United States

70% of Americans Think Unvaccinated Children Shouldn't Go to School: Poll

Most Americans feel children who have not been vaccinated should not be allowed to attend school, a new Quinnipiac University poll reveals.

Seventy percent of voters say childcare facilities and schools should be off limits for unvaccinated children. The poll shows virtually no gender or age gap.

"American voters say 3-1, 'No shots, no school,'" said Tim Malloy, assistant director of the Quinnipiac University Poll.

Over 1,200 voters nationwide were surveyed between Feb. 26 and March 2 for the poll.

More than 150 people in several states have been infected with measles, including infants too young to be vaccinated. Most cases are tied to an outbreak at Disneyland in California, which likely began with a traveler who brought it in, as has been the case in other U.S. outbreaks. The exact source of the Disneyland-linked cases is not known.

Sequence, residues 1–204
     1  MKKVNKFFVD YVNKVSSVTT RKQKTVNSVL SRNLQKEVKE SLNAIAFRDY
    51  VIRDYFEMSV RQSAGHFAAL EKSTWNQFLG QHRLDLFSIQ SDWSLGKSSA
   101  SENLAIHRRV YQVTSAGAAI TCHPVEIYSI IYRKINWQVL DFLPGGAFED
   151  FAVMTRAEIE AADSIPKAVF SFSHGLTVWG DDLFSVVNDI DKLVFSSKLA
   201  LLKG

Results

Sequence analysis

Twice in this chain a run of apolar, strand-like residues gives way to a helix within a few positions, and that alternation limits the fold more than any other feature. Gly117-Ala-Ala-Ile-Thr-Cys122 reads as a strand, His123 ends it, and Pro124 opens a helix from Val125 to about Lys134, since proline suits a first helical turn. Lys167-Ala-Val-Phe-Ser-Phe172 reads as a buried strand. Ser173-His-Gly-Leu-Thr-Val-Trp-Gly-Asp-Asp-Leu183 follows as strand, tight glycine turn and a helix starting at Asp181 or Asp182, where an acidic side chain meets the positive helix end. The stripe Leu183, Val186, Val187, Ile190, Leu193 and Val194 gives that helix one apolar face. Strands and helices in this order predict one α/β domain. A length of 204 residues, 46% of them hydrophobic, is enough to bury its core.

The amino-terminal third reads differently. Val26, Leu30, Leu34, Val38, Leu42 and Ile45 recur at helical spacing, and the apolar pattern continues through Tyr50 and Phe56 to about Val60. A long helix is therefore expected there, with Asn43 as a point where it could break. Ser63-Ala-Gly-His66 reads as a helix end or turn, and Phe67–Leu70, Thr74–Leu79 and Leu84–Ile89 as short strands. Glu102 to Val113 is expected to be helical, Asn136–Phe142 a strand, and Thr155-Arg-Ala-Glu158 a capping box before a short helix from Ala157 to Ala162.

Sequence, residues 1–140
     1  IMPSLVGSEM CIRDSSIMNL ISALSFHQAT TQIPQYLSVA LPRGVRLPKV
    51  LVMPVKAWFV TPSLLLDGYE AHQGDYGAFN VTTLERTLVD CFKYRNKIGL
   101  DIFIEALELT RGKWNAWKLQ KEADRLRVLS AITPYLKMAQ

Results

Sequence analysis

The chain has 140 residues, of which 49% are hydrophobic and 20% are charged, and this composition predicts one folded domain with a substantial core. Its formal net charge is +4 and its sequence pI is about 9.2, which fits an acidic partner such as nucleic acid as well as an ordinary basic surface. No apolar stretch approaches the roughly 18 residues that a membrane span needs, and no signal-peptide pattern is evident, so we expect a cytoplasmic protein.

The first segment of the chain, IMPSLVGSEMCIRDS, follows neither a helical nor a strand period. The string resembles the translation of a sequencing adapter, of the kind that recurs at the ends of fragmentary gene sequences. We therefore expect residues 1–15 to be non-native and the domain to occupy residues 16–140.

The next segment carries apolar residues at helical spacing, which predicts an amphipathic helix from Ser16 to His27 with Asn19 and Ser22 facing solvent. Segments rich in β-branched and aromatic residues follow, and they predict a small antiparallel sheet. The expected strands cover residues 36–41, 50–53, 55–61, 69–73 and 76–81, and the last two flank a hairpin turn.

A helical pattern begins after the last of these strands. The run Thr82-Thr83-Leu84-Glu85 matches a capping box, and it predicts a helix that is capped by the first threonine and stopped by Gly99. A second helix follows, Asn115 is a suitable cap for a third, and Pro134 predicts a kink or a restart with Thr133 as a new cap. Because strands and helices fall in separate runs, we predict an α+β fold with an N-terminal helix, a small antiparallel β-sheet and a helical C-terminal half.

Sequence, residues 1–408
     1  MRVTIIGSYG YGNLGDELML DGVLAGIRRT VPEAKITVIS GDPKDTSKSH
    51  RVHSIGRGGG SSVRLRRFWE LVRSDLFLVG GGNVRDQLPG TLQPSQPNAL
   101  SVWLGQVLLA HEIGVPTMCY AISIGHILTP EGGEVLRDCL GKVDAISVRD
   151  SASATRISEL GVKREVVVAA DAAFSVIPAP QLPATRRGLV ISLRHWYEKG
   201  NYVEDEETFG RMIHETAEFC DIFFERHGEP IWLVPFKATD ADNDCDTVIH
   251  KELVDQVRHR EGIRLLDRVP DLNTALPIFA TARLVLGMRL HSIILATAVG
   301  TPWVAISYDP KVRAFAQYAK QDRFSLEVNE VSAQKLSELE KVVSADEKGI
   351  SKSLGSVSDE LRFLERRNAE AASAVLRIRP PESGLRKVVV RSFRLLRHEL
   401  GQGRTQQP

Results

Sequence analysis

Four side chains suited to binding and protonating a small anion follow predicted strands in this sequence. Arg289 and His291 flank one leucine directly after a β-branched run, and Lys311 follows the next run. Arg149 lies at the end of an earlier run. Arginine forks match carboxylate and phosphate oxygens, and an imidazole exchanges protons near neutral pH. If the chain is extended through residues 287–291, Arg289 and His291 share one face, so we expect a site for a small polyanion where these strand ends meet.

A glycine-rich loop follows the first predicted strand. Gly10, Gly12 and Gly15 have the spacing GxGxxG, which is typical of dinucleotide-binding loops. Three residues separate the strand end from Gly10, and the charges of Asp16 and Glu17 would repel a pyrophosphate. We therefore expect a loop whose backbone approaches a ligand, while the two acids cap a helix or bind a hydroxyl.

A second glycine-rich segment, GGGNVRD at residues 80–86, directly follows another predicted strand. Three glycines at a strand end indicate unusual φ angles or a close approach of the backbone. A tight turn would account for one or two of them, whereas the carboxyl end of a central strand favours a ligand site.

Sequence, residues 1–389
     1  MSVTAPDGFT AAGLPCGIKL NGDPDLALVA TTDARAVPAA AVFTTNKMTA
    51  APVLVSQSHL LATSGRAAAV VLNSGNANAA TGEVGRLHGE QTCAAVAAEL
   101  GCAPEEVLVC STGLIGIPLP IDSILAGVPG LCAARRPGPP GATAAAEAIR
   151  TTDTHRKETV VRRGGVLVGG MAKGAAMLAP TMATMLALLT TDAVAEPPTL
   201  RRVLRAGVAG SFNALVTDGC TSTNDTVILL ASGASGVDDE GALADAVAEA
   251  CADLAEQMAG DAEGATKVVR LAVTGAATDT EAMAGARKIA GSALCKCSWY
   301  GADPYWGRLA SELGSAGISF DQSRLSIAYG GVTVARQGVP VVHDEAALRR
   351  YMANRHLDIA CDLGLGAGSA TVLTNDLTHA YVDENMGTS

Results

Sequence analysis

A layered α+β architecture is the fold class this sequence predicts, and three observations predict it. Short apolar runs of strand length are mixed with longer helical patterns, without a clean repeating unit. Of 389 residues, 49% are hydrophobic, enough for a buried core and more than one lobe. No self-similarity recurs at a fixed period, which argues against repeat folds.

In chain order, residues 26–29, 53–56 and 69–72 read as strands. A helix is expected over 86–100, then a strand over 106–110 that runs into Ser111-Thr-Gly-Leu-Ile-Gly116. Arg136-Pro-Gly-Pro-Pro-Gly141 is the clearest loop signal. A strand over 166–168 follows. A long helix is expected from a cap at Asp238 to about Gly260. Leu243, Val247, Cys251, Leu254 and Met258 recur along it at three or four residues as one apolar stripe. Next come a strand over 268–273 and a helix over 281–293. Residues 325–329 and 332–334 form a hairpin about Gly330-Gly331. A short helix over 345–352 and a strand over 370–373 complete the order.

Locally, two cases of measles have been confirmed in D.C. There is no indication that the two D.C. cases are related to each other or to the Disneyland-linked cases, health officials said.

Measles is spread through the air from an infected person’s coughing or sneezing, or by direct contact with nasal or throat secretions of an infected person. Symptoms can appear between seven and 21 days after exposure, but most commonly at 14 days.

About 90 percent of non-immune people exposed to an infected person will catch measles, according to the D.C. Department of Health.

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